Leah Levac

Scholars
2007
Mentor(s): 
Current affiliation:
Assistant Professor, Department of Political Science, University of Guelph
Localisation:

Assistant Professor, Department of Political Science, University of Guelph

Drawing from a range of professional experiences and transdisciplinary scholarship, 2007 Trudeau scholar Leah Levac works with communities to better understand the role of diverse and historically marginalized citizens in community decision-making and public policy development. Her interests include women’s and young people’s engagement, the impacts of neoliberalism on public services in Canada, and the development of participatory approaches to research that account for citizens’ diverse identities and social positions. Levac is an assistant professor of community engaged scholarship in the Department of Political Science at the University of Guelph.  

Leah Levac holds a PhD in Interdisciplinary Studies from the University of New Brunswick. She was elected in the Spring of 2012 to city council in Fredericton. She was also a part-time instructor at Renaissance College, the interdisciplinary leadership faculty at UNB, and a triathlete.

As part of her doctoral research, Leah implemented a policy-focused, participatory research project with a group of young mothers, and a case study of the design and implementation of a provincial public engagement initiative that resulted in the development of a poverty-reduction plan. The Trudeau Foundation and the Canadian Institutes of Health Research graciously support Leah's research.

In addition to Leah's academic and municipal work, she serves as the Vice-Chair of Youth in Transition Inc., a small non-profit that operates a residential program for 16 - 19 year old young women who are homeless or at risk of homelessness. As well, she is a member of Equal Voice, NB, and is involved with 21inc., a network of young leaders committed to creating the capacity for change in New Brunswick through leadership development. As a founding member of 21inc., she traveled to the United Arab Emirates in 2006 for an International Women in Leadership conference to discuss the need for gender equity as a tenet of transformational leadership.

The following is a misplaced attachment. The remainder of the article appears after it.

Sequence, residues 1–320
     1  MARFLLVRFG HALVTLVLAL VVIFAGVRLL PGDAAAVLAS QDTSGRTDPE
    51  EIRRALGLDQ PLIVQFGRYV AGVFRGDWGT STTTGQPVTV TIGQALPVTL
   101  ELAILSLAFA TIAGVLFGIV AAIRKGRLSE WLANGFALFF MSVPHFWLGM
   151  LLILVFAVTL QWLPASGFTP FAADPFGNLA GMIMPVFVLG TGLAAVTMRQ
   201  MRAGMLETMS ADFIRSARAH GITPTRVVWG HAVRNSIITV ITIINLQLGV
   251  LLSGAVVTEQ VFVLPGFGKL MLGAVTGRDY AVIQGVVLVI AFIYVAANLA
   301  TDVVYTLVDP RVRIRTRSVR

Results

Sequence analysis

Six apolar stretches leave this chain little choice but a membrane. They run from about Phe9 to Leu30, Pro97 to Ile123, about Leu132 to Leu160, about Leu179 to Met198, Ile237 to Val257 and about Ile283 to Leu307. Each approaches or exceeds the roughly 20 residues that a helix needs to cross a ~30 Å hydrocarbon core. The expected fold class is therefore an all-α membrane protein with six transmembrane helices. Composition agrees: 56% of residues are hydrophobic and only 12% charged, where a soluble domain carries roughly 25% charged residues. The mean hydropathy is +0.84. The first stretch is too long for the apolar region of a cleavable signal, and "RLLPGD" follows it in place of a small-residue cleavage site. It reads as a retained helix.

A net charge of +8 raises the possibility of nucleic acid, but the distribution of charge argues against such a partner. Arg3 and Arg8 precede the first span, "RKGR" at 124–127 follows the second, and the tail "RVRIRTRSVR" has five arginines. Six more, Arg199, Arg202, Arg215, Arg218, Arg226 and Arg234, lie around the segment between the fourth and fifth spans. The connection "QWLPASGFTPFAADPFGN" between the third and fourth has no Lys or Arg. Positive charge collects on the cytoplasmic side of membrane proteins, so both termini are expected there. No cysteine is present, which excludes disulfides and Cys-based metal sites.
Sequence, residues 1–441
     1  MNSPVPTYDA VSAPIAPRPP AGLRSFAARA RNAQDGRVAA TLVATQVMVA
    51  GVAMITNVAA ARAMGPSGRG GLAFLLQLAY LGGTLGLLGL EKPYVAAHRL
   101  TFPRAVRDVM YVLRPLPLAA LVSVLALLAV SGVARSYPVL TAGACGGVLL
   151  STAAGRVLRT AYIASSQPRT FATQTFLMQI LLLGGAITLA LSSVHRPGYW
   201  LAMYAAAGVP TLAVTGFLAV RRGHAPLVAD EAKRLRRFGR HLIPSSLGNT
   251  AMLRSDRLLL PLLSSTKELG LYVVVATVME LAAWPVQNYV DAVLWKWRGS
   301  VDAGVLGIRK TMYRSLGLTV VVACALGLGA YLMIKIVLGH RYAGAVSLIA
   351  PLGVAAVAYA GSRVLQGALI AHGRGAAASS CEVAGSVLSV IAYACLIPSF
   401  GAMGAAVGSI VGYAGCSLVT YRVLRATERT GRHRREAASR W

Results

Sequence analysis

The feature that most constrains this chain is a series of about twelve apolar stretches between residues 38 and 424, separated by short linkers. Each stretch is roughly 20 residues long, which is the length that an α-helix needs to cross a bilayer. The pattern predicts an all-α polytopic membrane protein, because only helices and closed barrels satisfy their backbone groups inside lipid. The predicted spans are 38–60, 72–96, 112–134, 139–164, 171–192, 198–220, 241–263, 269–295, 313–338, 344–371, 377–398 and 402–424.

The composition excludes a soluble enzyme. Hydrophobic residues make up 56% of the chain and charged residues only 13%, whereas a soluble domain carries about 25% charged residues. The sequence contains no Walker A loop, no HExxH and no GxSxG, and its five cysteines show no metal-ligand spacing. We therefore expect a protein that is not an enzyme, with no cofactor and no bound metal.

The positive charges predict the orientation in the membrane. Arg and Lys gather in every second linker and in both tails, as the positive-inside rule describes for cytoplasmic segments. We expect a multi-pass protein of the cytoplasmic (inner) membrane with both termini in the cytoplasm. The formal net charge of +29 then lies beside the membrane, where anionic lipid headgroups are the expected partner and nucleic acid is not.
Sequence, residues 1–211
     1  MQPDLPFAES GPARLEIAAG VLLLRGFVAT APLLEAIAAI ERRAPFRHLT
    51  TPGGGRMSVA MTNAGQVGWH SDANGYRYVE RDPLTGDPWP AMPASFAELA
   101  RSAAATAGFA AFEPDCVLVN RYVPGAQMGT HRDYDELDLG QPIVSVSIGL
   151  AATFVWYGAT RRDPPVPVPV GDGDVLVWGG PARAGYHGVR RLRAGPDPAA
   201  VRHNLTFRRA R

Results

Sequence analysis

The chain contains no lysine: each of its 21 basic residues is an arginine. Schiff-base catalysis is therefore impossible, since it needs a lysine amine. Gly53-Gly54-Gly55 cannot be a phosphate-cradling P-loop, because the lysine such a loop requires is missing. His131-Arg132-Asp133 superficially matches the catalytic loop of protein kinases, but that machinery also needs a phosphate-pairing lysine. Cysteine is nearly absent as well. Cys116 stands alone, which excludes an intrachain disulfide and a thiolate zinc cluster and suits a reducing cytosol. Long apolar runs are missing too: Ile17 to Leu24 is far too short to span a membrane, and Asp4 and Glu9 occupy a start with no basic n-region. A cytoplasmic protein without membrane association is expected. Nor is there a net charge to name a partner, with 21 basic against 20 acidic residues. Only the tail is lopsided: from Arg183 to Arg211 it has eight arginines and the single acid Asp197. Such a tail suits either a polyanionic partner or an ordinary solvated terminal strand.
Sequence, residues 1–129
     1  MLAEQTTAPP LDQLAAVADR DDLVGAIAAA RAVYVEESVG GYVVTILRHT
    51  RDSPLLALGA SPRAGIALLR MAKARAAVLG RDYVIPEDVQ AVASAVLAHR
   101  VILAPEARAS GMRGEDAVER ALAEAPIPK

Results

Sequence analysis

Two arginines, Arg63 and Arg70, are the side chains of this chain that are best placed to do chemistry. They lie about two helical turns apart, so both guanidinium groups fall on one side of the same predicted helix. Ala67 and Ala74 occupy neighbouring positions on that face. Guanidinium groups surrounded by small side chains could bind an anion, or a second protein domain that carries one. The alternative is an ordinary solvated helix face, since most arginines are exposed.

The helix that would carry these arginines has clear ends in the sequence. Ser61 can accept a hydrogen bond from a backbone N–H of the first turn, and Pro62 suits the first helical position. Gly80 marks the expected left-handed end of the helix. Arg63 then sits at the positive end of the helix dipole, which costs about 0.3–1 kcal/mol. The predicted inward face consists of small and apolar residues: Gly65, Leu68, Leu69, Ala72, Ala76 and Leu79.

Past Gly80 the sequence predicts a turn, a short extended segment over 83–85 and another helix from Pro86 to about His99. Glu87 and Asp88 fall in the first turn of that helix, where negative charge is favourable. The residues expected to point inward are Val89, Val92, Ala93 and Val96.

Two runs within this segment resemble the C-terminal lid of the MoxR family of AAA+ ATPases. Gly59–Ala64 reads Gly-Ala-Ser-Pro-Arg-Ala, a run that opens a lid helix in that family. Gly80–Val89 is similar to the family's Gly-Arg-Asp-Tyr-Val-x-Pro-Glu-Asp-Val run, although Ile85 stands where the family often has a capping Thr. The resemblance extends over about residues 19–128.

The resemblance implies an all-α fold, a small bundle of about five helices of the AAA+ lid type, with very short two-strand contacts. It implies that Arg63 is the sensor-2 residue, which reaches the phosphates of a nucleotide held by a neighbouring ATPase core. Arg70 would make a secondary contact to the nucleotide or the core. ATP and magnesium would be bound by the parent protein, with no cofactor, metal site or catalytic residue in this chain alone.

Experience as a Trudeau Scholar

The Trudeau Foundation believes in its scholars and their ideas. It does not seem possible to overstate the contribution that this vote of confidence, along with the Foundation's provision of creative intellectual and practical resources, has made to my development. Because of the support of the Trudeau Foundation, I have been able to pursue two parallel research interests; young women's and young mothers' civic engagement, and public participation in policy development. Both of these projects were resource and time intensive, and resources and time are frequently in short supply for doctoral students. The Trudeau Foundation provided me with ample resources to create a project in collaboration with young mothers, and to engage in a project with the New Brunswick provincial government.